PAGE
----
Let me preface this by saying that I believe that for many women, our hair is everything. Whether it’s short or long, braided or straight, weaved or natural, our hair defines who we are in a moment and time and helps other people determine who we are (or may be) and I’m no exception.
I’ve dyed my hair every color under the sun from red to blonde to brown and jet black and until the moment I shaved one side of it (in admittedly one of my few acts of rebellion), I never really thought much about why we do what we do to our hair or how it affects us.
Thinking back, I guess I changed up my hair styles for a lot of trivial reasons, but for people like my sister, changing her hairstyle was about more than being bored or wanting to be trendy.
When she approached me about dying her hair for the first time, I laughed because of her color choice, and yes, I know I’m an ass for laughing but I did.
“Blue? Why would you want to dye your hair blue? Don’t you think that’s a little extreme? What about your job?” I asked, not realizing how much I was lacking in support. She shrugged off my questions, purchased a bottle of bleach and dyed her hair none the less.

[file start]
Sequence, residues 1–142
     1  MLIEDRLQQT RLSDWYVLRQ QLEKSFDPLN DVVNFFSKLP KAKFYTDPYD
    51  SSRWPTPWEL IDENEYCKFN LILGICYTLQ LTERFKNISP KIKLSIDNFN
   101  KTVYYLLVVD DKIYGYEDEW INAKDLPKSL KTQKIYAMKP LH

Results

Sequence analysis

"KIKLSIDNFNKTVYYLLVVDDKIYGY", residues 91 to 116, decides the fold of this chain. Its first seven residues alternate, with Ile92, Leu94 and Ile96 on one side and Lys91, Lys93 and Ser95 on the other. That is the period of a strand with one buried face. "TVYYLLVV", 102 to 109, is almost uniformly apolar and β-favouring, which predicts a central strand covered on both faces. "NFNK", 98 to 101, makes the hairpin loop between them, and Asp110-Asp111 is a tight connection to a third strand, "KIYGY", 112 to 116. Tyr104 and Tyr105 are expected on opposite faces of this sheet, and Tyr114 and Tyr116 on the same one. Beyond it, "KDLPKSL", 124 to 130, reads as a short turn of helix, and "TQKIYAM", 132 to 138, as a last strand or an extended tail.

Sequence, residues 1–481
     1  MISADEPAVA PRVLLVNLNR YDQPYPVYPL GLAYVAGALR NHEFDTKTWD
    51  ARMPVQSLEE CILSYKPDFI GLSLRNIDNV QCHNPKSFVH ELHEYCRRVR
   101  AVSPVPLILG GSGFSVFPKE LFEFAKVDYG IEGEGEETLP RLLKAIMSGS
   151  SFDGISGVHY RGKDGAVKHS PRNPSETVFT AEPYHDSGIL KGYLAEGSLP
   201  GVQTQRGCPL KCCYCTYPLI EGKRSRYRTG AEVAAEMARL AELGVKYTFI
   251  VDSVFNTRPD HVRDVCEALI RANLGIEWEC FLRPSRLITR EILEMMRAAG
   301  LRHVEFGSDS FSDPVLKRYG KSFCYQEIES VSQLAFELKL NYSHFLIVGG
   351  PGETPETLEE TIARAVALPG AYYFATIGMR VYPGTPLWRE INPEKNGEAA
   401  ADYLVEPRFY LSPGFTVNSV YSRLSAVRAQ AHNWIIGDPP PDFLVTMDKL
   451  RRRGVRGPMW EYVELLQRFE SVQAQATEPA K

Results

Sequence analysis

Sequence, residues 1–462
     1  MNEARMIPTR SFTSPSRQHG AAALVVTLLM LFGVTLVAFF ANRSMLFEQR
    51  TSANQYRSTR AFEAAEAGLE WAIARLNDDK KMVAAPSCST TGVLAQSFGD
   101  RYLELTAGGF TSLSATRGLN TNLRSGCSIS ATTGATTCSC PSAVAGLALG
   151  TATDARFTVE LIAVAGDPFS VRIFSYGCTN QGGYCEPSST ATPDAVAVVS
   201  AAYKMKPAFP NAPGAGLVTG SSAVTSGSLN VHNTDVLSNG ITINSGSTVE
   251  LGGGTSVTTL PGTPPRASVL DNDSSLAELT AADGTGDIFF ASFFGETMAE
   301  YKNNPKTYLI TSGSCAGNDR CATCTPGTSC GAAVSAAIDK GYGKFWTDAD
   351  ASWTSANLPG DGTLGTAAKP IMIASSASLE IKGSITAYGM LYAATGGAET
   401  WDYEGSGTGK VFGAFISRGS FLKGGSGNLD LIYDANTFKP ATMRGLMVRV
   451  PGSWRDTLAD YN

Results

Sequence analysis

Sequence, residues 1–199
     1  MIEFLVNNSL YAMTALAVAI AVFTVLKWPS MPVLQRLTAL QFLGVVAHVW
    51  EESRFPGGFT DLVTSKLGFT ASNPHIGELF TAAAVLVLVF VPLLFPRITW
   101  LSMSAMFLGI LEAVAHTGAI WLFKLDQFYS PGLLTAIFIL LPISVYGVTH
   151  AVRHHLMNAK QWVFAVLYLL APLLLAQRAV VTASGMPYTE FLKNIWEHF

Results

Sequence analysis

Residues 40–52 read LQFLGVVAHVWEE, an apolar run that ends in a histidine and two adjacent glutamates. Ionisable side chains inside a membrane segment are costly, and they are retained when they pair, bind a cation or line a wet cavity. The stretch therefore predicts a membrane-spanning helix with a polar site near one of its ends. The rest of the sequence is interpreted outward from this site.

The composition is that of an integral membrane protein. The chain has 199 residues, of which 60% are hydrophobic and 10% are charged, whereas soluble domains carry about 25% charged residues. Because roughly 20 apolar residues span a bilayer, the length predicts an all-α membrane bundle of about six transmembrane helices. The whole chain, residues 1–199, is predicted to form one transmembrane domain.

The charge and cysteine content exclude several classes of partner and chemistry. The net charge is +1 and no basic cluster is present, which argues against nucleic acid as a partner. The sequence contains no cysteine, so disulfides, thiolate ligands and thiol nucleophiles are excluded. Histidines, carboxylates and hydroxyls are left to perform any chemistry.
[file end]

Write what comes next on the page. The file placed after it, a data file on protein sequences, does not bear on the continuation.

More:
Months later, when she asked me if I could help cut her hair, I flat out told her no. “Why would you want to cut your hair? Don’t you think you’ll look too masculine? Don’t you think you’d be suited better with long hair?” Once again, she shrugged my questions off and she cut it herself in a mohawk that even she admitted wasn’t all too flattering. Once again, I failed to realize why she insisted on pulling crazy stunts with her hair and I chalked it up to teenage angst.
Then just a couple days ago, she asked if I could come and watch as she finally cut off the rest of it and surprisingly for both of us, I agreed.
After a couple minutes of watching her pick at her hair, trying to rack up the nerve to turn on the clippers, I decided to pick up the clippers and help. As my sister sat on the toilet in our bathroom and watched as I switched guards on the clippers and then abandoned them all together to do a freehand cut which left flurries of hair raining down on the floor, she looked apprehensive.
It wasn’t till later when she was grinning at her new hairdo in the mirror that she told me why.
She told me that she had been thinking about the year and how hard it has been for her and how much she’d been pushed to the limit in her faith, her education, and her sanity. “I just needed to cut it all off just to start new,” she said.
It’s then that I realized why we do what we do to our hair. To help us change, forget, heal, and start new, sometimes we all need that big chop.